No word for it in English, that time
between midnight and dawn. Most of us
are asleep by then, outrunning leopards
on blue lawns, or avenging our daily lives.
But in South America many are awake.
I see them dancing in the madrugada
all madrugada long. Even those working
quietly in their rooms at 3 A.M.—
it pleases me to think—are doing so
in the madrugada. I love how life nags
and language responds.
But if I were to fly to Caracas or Lima
to live the word and to say it out loud,
no doubt it would start to rhyme
with grunts from bar fights
and the muffled cries of women
forced into cars, and in dim-lit rooms
the silence of money sliding
into someone’s hand. Madrugada,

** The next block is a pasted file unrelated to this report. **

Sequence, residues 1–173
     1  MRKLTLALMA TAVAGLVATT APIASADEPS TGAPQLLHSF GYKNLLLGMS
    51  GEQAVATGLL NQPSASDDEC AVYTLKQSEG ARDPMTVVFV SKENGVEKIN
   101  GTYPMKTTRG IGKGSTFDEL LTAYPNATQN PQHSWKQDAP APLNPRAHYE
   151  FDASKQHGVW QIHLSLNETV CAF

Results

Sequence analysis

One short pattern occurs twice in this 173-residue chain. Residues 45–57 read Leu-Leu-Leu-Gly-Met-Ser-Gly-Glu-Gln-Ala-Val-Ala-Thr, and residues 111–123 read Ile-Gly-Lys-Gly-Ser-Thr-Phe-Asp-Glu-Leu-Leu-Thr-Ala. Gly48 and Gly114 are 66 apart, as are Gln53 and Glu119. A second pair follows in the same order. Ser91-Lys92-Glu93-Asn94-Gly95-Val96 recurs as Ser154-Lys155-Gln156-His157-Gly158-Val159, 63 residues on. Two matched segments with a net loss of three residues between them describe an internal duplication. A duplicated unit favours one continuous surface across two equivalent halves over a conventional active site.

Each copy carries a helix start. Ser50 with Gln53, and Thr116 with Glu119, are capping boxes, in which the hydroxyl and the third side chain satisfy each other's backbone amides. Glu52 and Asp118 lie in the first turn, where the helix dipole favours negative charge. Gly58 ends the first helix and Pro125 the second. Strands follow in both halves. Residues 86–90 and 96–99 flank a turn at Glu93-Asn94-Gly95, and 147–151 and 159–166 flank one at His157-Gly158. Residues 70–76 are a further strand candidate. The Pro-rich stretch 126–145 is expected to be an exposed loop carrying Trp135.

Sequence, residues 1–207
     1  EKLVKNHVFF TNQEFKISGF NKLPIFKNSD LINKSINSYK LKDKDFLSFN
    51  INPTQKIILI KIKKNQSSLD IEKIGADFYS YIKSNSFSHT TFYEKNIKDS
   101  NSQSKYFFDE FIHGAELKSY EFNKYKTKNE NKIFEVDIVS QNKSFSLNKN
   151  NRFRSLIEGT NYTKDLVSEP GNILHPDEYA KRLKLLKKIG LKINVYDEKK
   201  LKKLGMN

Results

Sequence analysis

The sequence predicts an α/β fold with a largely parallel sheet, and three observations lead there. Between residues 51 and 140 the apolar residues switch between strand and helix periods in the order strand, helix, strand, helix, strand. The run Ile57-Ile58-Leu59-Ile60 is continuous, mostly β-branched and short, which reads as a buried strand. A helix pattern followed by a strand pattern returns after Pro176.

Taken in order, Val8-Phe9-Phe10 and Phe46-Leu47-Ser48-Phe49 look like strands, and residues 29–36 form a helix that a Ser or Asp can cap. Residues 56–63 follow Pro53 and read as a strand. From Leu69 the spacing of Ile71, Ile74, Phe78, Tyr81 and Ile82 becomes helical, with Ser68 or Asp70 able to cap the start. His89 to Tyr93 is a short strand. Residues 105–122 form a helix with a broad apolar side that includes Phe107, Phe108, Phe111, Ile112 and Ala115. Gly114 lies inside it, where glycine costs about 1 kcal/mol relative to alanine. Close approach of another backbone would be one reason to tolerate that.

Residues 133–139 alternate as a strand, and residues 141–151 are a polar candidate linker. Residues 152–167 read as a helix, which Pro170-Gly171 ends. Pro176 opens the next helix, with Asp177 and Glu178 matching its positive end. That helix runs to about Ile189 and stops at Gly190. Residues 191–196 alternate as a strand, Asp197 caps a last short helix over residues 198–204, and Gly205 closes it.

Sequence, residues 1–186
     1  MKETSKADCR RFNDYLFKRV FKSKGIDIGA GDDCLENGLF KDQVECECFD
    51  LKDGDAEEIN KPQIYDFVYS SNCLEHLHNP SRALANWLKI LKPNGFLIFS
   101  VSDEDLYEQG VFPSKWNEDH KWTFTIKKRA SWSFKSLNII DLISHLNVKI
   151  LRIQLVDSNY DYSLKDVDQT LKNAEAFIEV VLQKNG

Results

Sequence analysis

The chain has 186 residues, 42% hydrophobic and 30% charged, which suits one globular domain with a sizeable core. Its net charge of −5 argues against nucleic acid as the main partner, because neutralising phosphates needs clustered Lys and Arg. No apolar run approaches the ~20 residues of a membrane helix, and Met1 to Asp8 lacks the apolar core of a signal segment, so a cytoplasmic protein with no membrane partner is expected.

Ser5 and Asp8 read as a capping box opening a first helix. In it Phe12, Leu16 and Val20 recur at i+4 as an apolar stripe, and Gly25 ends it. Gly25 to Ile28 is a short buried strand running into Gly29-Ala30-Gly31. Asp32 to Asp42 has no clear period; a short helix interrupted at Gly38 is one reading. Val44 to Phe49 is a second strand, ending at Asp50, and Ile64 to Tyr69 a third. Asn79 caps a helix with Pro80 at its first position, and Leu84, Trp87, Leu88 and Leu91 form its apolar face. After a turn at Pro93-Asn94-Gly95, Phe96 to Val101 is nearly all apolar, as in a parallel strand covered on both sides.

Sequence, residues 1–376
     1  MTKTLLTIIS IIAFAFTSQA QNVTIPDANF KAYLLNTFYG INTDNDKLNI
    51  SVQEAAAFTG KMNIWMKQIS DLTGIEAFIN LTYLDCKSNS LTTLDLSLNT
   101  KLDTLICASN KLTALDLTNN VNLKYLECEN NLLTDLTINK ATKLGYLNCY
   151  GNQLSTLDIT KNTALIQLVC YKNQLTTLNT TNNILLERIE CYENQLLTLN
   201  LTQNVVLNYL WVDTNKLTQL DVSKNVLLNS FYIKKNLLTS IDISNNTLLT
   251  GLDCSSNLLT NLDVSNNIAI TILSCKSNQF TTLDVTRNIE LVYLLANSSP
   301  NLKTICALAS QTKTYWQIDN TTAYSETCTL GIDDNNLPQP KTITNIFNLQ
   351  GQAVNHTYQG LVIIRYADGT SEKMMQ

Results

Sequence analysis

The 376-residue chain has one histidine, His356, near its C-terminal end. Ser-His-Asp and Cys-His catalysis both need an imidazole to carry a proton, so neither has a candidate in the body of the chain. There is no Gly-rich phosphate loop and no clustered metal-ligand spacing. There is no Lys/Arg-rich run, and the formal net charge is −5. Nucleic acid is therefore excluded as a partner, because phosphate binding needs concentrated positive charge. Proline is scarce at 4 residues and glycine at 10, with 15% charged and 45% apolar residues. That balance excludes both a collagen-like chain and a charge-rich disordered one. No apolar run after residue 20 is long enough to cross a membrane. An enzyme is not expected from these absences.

I might say then, without pleasure,
its meaning so consonant with the world.
In an interview with The Cortland Review, Dunn speaks to the importance of creative tenacity: “Poetry doesn’t reveal its secrets to the occasional poet. Be as committed as, say, a violinist or a ballerina would be. No shortcuts. Young poets may be the only would-be artists I know who actually believe they might be able to pull something off because they have strong feelings about it and who are not embarrassed when they hit false notes. Finally, you must be a little driven, and what you’re doing must be crucial to you in order not to be defeated by the likely neglect that awaits you, the lack of rewards, and the fact that, by and large, your culture doesn’t take you seriously.”
8 April 2008 | poetry |